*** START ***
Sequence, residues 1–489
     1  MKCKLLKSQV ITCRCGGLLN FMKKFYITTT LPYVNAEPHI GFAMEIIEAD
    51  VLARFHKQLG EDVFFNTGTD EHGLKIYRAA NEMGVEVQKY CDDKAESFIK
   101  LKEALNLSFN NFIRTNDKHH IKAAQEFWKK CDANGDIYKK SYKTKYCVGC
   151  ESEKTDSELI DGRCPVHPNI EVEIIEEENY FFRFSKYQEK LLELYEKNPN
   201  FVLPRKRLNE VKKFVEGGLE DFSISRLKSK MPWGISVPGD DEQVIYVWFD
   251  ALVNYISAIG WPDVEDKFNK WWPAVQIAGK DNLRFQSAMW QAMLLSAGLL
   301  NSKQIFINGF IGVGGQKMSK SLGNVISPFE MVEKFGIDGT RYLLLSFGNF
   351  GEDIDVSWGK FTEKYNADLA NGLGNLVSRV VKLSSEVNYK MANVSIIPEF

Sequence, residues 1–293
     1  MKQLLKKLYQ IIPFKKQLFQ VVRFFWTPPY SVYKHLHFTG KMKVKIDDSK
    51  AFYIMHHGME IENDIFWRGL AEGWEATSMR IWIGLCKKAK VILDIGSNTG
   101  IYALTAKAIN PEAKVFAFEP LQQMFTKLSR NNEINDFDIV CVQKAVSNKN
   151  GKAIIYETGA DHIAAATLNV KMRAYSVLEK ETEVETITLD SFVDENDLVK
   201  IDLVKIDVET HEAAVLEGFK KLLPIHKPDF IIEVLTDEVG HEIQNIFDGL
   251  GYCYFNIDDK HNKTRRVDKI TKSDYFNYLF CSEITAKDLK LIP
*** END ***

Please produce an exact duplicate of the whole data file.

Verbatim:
Sequence, residues 1–489
     1  MKCKLLKSQV ITCRCGGLLN FMKKFYITTT LPYVNAEPHI GFAMEIIEAD
    51  VLARFHKQLG EDVFFNTGTD EHGLKIYRAA NEMGVEVQKY CDDKAESFIK
   101  LKEALNLSFN NFIRTNDKHH IKAAQEFWKK CDANGDIYKK SYKTKYCVGC
   151  ESEKTDSELI DGRCPVHPNI EVEIIEEENY FFRFSKYQEK LLELYEKNPN
   201  FVLPRKRLNE VKKFVEGGLE DFSISRLKSK MPWGISVPGD DEQVIYVWFD
   251  ALVNYISAIG WPDVEDKFNK WWPAVQIAGK DNLRFQSAMW QAMLLSAGLL
   301  NSKQIFINGF IGVGGQKMSK SLGNVISPFE MVEKFGIDGT RYLLLSFGNF
   351  GEDIDVSWGK FTEKYNADLA NGLGNLVSRV VKLSSEVNYK MANVSIIPEF

Sequence, residues 1–293
     1  MKQLLKKLYQ IIPFKKQLFQ VVRFFWTPPY SVYKHLHFTG KMKVKIDDSK
    51  AFYIMHHGME IENDIFWRGL AEGWEATSMR IWIGLCKKAK VILDIGSNTG
   101  IYALTAKAIN PEAKVFAFEP LQQMFTKLSR NNEINDFDIV CVQKAVSNKN
   151  GKAIIYETGA DHIAAATLNV KMRAYSVLEK ETEVETITLD SFVDENDLVK
   201  IDLVKIDVET HEAAVLEGFK KLLPIHKPDF IIEVLTDEVG HEIQNIFDGL
   251  GYCYFNIDDK HNKTRRVDKI TKSDYFNYLF CSEITAKDLK LIP